Copyright 2016-2019 Nomi Levy

The information presented in these pages is for educational purposes only. 

It does not substitute for a doctor's advice. Before making any dietary or exercise changes please consult with your doctor.

 

 

Health Foundation #5

June 29, 2017

 

In Parsha Bereshit, the passuk says that Adam was created "B'tzelem Elokim", which means, in the image of G-d.  Judaism teaches that Hashem has no form or shape, so what does it mean to be made "b'tzelem Elokim."  The Rambam, in his classic work, The Guide for the Perplexed, expounds on the lack of corporeality when relating to our understanding of Hashem. 

       "...man's distinction consists in a property which no other creature on earth possesses, viz a viz, his intellectual perception, in the exercise of which he does not employ his senses, nor move his hand or his foot, this perception has been compared...to the Divine perception, which requires no corporal organ.  On this account, i.e. on the account of the Divine intellect with which man has been endowed, he is said to have been made in the form and likeness of the Almighty."

 

Hashem exists entirely without a corporal action.  He is not limited by form, like arms to lift or eyes to see.  Likewise, man was created with an ability to exist in a similar matter, meaning that he can perceive using his intellect, and in this way exist in a manner which is "B'tzelem Elokim."

 

I've drawn the conclusion, using the the Rambam's explanation on this particular passuk in Bereishis, that this  could be the torah's first mention of mindfulness.  Obviously, perception exists in many forms.  We perceive the past, present, and future. However, our beginning, our likeness to Hashem, from the point of our creation, starts within the mind and this should indicate the importance of a healthy mind.

 

What is a healthy mind?  The best way to understand this idea is by assessing ones ability to access mindfulness.  Mindfulness, which is the defined as "the basic human ability to be fully present, aware of where we are and what we're doing, and not be overly reactive or overwhelmed by what's going on around us," is the Western take on Eastern philosophy that firmly, at least to me, has its root in torah.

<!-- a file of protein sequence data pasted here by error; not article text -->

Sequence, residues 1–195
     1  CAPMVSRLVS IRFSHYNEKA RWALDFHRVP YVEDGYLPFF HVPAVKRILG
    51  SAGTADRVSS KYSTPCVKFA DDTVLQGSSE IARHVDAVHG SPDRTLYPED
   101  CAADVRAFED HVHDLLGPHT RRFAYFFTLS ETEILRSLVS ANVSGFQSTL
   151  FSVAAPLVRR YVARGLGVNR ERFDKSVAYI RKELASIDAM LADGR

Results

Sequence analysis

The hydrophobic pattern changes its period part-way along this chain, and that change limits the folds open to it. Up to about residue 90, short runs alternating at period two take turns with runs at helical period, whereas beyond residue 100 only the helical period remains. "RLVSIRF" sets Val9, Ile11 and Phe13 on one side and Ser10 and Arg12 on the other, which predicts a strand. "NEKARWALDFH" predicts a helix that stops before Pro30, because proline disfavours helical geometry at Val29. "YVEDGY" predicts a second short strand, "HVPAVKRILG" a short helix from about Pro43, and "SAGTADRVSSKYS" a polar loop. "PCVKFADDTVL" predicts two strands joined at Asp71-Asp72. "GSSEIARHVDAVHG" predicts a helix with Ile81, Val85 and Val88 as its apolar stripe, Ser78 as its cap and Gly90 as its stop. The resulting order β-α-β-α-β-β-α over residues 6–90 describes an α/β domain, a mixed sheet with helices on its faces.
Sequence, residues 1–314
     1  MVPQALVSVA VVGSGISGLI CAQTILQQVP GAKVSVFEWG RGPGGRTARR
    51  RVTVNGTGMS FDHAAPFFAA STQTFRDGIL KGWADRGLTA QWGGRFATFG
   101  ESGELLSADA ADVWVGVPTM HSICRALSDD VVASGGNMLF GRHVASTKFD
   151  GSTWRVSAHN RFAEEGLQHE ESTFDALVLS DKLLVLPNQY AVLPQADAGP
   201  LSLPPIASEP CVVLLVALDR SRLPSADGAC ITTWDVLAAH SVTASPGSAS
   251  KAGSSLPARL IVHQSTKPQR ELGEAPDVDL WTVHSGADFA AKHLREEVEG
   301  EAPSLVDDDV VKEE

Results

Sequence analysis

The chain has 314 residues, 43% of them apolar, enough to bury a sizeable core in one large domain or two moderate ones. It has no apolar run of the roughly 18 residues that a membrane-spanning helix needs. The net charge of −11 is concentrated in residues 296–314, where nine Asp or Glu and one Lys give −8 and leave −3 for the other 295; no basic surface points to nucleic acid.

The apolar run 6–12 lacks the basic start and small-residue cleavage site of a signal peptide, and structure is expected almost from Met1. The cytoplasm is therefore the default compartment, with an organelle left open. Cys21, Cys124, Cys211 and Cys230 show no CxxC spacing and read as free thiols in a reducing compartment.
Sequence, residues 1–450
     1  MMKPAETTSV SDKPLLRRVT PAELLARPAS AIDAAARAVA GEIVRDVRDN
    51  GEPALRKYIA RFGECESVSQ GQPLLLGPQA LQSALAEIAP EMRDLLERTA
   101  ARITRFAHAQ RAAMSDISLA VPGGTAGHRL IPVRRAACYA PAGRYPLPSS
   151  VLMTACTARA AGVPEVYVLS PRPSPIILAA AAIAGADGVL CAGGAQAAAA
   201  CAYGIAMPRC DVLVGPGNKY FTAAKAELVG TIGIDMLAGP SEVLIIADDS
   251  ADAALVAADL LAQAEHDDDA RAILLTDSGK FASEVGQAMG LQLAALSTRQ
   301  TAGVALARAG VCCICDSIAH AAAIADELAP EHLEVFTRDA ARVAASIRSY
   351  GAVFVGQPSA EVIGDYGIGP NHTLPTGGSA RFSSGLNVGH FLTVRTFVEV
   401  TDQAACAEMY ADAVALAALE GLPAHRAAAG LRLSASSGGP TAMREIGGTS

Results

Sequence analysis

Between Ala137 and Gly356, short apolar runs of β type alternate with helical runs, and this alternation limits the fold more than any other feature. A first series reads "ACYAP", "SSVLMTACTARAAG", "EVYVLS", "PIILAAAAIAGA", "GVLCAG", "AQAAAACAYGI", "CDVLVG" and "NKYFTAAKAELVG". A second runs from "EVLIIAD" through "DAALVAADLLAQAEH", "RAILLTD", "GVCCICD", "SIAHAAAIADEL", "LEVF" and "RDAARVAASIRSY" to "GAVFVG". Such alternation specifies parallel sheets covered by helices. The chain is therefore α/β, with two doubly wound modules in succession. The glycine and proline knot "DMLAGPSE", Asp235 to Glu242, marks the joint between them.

How can we achieve this [magical, blissful, healing], state of mindfulness?  The easiest tool is through using guided meditations.  With meditation, we can retrain our brain, activate our immune system, and learn a new way of connecting with ourselves and our surroundings.  Learning to be more mindful is a great way to manage stress, achieve satisfaction in the present moment, and live a healthier life in a full, connected manner.   How can you become more mindful?  A few suggestions:

 

1. Check out the website www.mindful.org.   This is a great resource with some great meditations.

 

2. Hang out with Dr. John Kabat-Zinn, the "father" of mindfulness in the West.  An MIT-trained scientist and  Nobel Laureate winner, John Kabat-Zinn has studied the positive effects of mindfulness on numerous diseases.  As a meditation expert and writer, he has been spreading the goodness of mindfulness through numerous publications.   For $20 you can purchase his guided meditations on MP3 (www.mindfullnesscds.com),  or for around $10, you can download the app "Mindfulness for Beginners."

 

3.Another FANTASTIC meditation resource is www.jpthink.com.  Jewish classes and meditations with clear sources, this is an ideal way to work on mindfulness and deepen clarity in your relationship with Hashem.

 

4.Turn off your phone.  Yoo-hoo. Over here! This is my thing to work on.  Somehow, gradually, like a sneaky snake, (keeping with the Bereshit theme!), WhatsApp has just become too much of a presence in my life.  Turning off my phone is the best way for me to disconnect.  Life can wait!

 

5.Practice deep breathing throughout the day to bring yourself into the present moment and awaken your parasympathetic nervous system (that's the calm-down mechanism built into your body).  Traffic lights, story time with the kiddies, waiting in line at the post office...all good times to connect with your breath.

 

6.Make mindfulness meditations a part of your family time.   I love to put them on after story time,  with low lighting and some yummy smelling aromatherapy.  This is a great way to continue the evening chill-out hour as we tune into the present moment and regulate our circadian rhythm.

 

Chronic overthinking can overstimulate the endocrine system.  That is the system which regulates hormones.  This overstimulation can actually lead to inflammation which can lead to disease.  Okay- that was a super-simplified, slightly scientific way of saying what common sense has already told us...stress is bad for you! Use mindfulness to support inner balance and allow all forms of healing to begin:) 

 

 

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